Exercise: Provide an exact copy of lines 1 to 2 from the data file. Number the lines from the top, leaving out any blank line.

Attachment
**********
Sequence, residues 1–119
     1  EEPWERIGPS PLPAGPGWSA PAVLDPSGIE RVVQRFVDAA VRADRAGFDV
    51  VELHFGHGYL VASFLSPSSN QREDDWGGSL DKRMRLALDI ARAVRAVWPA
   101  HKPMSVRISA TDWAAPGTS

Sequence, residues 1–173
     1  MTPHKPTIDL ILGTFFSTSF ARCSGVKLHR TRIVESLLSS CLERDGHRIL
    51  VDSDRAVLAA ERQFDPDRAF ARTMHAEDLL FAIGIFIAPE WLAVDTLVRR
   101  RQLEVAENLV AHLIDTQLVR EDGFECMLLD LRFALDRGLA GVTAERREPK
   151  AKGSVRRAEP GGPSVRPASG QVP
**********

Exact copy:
Sequence, residues 1–119
     1  EEPWERIGPS PLPAGPGWSA PAVLDPSGIE RVVQRFVDAA VRADRAGFDV